Factors identified which may interfere with the completion of graduate studies suggest nearly half the respondents had life and work situations compatible with study. However, family and work commitments posed potential problems for some students. These concerns were expressed relatively infrequently (24%) considering the majority of respondents were women working full time. If the need for nurses to achieve graduate qualifications increases, employers may find it necessary to révaluate support offered to those who seek continuing education. Flexible scheduling and offering child care may be useful strategies, particularly when considering the benefits of maintaining well-qualified staff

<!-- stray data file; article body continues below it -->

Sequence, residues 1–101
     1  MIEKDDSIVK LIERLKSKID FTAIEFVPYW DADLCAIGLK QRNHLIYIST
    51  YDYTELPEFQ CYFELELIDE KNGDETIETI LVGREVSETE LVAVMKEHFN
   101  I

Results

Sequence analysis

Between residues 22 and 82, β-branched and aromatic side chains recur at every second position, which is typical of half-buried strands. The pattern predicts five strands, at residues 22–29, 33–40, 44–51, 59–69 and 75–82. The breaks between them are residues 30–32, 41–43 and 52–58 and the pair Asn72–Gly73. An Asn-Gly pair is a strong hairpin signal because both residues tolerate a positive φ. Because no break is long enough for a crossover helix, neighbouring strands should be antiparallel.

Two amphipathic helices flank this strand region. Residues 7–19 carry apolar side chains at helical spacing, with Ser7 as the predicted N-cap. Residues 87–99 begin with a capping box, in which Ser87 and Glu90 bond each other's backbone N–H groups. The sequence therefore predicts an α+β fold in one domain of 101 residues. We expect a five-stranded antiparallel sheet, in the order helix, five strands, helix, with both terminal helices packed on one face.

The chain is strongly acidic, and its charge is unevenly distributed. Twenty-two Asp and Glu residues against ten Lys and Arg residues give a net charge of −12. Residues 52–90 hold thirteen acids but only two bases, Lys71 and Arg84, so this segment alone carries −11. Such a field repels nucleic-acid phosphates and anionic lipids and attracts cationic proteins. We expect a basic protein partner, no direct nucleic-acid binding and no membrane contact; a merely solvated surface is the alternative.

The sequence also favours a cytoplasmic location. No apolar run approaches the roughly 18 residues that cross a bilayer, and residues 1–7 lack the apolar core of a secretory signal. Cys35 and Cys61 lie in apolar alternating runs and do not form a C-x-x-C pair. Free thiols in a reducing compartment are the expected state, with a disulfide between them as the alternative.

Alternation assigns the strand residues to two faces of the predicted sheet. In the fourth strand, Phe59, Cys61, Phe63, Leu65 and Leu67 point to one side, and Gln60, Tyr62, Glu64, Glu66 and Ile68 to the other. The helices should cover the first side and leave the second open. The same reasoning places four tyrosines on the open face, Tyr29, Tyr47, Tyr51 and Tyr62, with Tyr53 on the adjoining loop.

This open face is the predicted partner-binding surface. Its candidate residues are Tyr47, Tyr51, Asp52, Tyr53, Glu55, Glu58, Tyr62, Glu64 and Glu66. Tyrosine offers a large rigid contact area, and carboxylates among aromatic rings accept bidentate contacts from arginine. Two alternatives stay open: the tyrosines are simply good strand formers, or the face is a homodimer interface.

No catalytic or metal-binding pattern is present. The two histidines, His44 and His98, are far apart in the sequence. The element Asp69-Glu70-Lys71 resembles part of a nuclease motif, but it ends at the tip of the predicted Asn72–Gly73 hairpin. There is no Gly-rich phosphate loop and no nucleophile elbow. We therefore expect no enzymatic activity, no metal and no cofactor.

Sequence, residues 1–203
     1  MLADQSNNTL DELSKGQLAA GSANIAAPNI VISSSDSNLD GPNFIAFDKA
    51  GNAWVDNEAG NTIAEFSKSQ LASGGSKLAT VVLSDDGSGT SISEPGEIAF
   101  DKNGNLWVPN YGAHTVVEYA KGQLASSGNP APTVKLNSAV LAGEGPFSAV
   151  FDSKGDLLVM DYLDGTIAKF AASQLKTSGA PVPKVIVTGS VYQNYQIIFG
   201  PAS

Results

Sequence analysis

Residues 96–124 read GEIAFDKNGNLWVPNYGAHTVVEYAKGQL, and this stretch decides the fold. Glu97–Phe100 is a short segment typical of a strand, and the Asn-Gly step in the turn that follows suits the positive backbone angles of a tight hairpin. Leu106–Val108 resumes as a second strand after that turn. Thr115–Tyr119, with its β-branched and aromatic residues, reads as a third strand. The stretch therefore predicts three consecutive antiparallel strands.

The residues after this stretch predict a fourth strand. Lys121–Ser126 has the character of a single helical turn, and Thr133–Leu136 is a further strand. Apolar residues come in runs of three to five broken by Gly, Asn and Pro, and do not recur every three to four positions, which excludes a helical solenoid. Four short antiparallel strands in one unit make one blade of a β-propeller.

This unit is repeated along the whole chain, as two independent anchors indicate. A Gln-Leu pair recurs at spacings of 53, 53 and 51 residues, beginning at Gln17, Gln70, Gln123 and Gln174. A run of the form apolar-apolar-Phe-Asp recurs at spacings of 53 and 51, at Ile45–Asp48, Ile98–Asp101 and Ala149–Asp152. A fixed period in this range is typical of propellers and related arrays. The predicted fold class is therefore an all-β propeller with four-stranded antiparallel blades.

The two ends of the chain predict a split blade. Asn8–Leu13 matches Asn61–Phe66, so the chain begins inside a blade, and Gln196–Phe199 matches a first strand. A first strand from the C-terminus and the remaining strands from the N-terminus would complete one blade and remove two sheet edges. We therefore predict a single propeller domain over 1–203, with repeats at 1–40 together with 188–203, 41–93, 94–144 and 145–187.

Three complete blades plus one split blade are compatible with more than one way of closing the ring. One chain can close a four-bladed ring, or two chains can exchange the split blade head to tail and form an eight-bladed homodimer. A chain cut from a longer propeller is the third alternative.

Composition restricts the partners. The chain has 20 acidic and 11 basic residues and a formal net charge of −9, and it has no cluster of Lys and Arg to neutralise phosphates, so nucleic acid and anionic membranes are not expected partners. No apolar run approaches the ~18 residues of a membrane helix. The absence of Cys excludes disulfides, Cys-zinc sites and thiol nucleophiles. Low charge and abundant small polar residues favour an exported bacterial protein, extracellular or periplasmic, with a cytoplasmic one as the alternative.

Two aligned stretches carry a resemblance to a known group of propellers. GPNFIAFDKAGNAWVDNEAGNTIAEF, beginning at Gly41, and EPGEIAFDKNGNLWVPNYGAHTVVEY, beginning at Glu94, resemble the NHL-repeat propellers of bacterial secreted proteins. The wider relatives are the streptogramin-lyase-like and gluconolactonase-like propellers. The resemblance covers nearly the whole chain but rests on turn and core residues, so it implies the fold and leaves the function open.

The relatively small number of RNs receiving assistance from employers is a concern because of the difficulties students may experience in attending classes. Flexible scheduling and the provision of study leave may help students balance study and work responsibilities. Such support is particularly relevant to students who are employed full time. While 49% of respondents anticipated no hindrance from employers (contrasting with the findings of others [Armstrong-Esther & Myco, 1987; O'Brien, 1984]), the percentage of students (46%) who anticipated hindrance in the workplace ia important to note. The expectation by nurses that their employers and colleagues would binder their study efforts indicates a change of attitudes and the development of practical support strategies is necessary. The value of graduate education to clinical care, professional development, and the development of the profession overall should be made explicit.